The second reason is that my personal networth is $6,149.40. Seeing as this is not that high, I almost feel as if I have been lying to my readers. Don't get me wrong, I know I haven't been lying because I haven't said anything either way. But, it is now on the table and everyone knows (please make note of it FMF!) Yet, I still feel that up to this point I have been somewhat dishonest about it.

So there you have it. One (wait a minute, it turned into two) of the reasons I feel oxmoronic is now out in the public. So what am I going to do about it? Well, I figure right now that I should develop some short- and long-term goals that I would like to accomplish regarding this problem:

1) Make a conscious effort to spend less than I earn
2) Post more on debt elimination and personal finance that will increase my networth

1) Pay down all of my credit card debt by December 2006
2) Post the % of my debt paid and provide a monthly update to my networth


Carnival of Personal Finance #18

The 18th Carnival of Personal Finance was posted on Monday over at My Money Blog. Take a look when you have a moment, as there are some good posts. Due to my absence, I wasn't able to submit a post for this week's Carnival.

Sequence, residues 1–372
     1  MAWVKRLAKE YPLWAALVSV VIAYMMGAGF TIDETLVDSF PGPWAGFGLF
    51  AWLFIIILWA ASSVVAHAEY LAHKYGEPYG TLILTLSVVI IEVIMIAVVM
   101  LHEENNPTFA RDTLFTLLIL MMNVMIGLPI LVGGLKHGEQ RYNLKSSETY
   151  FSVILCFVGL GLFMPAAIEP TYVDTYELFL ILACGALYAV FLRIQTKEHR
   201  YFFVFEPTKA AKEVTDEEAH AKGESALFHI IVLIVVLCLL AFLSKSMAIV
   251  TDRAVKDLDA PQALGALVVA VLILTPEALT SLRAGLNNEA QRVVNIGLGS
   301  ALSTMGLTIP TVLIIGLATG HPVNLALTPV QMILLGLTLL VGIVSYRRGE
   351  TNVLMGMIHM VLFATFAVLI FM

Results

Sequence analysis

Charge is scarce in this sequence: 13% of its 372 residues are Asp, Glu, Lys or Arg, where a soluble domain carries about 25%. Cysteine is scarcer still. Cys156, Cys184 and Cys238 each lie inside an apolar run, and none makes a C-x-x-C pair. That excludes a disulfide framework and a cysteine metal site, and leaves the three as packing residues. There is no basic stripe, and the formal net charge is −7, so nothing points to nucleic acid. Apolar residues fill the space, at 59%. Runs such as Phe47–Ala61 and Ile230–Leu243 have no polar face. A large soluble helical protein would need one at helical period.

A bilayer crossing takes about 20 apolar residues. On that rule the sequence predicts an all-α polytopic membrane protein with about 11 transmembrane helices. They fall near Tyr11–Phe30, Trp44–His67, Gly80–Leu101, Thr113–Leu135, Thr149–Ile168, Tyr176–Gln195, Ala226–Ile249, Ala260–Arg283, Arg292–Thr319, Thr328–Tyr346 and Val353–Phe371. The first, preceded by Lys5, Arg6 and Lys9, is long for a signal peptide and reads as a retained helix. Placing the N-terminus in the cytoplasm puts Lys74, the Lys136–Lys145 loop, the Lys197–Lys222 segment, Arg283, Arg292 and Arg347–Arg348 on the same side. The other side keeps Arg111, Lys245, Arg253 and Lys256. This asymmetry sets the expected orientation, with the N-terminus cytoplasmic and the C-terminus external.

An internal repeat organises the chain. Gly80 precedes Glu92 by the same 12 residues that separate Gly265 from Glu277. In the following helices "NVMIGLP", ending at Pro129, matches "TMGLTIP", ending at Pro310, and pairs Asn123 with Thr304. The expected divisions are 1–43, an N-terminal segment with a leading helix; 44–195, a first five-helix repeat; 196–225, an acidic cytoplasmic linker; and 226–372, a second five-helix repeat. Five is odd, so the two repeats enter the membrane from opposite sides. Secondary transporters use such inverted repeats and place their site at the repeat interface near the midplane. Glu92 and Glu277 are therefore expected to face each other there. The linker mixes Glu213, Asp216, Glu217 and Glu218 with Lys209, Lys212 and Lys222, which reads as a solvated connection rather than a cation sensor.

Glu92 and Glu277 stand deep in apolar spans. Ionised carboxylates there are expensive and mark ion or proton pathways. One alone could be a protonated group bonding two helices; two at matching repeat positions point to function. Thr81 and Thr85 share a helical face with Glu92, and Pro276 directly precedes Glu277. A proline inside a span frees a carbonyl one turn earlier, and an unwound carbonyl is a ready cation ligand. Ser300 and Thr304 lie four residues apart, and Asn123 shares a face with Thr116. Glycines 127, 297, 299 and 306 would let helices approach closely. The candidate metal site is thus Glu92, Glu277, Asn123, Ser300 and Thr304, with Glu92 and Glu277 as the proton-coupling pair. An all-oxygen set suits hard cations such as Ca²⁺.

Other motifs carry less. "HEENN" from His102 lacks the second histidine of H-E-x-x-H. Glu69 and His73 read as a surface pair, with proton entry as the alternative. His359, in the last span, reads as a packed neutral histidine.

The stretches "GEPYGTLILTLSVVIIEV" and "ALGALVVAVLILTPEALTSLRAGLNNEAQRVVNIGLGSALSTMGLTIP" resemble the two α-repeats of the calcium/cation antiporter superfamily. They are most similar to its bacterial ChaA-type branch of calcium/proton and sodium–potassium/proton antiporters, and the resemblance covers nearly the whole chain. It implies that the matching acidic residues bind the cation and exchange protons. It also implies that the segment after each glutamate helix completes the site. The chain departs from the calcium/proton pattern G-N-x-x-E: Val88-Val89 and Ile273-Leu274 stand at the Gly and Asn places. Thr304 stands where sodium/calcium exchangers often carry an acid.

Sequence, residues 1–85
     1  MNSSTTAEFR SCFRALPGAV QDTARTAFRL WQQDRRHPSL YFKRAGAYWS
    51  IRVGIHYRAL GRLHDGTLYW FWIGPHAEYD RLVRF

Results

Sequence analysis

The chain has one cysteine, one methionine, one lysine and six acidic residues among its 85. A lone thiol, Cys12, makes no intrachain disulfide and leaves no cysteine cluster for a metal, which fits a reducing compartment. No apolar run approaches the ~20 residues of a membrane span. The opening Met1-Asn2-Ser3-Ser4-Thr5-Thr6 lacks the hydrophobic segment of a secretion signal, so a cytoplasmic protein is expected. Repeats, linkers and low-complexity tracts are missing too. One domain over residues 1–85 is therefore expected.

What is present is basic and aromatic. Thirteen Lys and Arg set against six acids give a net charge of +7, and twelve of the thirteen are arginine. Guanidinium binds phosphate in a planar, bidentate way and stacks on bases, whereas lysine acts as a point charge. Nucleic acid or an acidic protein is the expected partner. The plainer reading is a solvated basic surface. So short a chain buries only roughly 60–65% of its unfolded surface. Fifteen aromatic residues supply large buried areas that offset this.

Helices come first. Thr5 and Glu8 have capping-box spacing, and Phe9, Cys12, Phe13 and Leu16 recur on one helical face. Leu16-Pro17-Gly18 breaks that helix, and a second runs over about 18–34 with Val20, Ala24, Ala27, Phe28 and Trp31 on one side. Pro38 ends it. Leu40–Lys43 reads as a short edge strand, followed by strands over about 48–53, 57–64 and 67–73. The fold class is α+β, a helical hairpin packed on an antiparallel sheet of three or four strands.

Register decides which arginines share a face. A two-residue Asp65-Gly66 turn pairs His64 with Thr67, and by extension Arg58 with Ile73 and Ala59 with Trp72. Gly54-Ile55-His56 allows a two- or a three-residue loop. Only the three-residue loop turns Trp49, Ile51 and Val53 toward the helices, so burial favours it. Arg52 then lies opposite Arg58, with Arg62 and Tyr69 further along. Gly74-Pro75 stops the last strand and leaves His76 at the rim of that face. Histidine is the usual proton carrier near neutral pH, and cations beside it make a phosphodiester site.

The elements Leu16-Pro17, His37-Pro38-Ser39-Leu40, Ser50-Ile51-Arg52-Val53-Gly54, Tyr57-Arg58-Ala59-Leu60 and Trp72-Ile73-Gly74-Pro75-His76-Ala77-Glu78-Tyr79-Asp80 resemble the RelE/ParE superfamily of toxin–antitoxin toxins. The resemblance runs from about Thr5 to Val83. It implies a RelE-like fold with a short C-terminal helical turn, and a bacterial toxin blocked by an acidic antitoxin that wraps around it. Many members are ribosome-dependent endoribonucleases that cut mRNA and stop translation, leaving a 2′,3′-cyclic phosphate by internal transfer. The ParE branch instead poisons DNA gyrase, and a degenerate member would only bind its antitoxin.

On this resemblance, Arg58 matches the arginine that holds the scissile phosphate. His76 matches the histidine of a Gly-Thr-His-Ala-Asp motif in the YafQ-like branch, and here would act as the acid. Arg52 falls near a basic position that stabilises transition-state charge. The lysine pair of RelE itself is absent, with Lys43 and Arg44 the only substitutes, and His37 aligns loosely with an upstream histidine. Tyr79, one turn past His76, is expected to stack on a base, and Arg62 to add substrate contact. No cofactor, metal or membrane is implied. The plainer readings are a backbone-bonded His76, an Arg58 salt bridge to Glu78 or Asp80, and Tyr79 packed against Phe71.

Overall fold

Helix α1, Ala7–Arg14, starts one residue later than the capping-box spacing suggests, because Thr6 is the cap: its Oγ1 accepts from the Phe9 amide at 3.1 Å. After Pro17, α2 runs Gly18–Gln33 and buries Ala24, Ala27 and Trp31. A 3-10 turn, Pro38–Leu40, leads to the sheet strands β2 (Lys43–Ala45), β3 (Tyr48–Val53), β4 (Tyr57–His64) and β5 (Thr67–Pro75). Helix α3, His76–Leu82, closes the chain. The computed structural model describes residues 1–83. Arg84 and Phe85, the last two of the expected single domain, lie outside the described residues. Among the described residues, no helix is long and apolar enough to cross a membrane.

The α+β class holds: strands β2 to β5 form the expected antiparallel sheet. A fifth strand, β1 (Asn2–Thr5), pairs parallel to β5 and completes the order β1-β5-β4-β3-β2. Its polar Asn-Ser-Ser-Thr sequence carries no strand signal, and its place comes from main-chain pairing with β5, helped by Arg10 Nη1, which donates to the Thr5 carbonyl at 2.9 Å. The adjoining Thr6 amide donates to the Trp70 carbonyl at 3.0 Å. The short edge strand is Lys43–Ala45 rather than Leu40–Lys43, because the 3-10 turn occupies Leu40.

Update - Out Sick

Just to let my readers know, I'm fine, but a 3 day weekend followed by a severe cold caused me to be unable to post. I'm still recovering from the cold but should be able to resume my normal posting at Financial Fruition. Thanks for your understanding!


Personal Finance Software or Excel Spreadsheets?

There is a good Q and A regarding financial software over at the Chicago Tribune website. Unfortunately there is a registration required, so let me piece this together for you...

A reader asked the following, "You're always recommending that people track their expenses, but I never seem to be able to keep at it. Is there any software that would make this process less tedious and cumbersome?"

The author, Humberto Cruz, answered the software part of the question by mentioning Quicken and MS Money. Well, of course, those are the leading personal finance software titles. Let me add however, for those Mac users out there, that MoneyDance is an excellent program that is designed for the Mac, unlike Quicken and Money which are converted from the PC platform to Mac.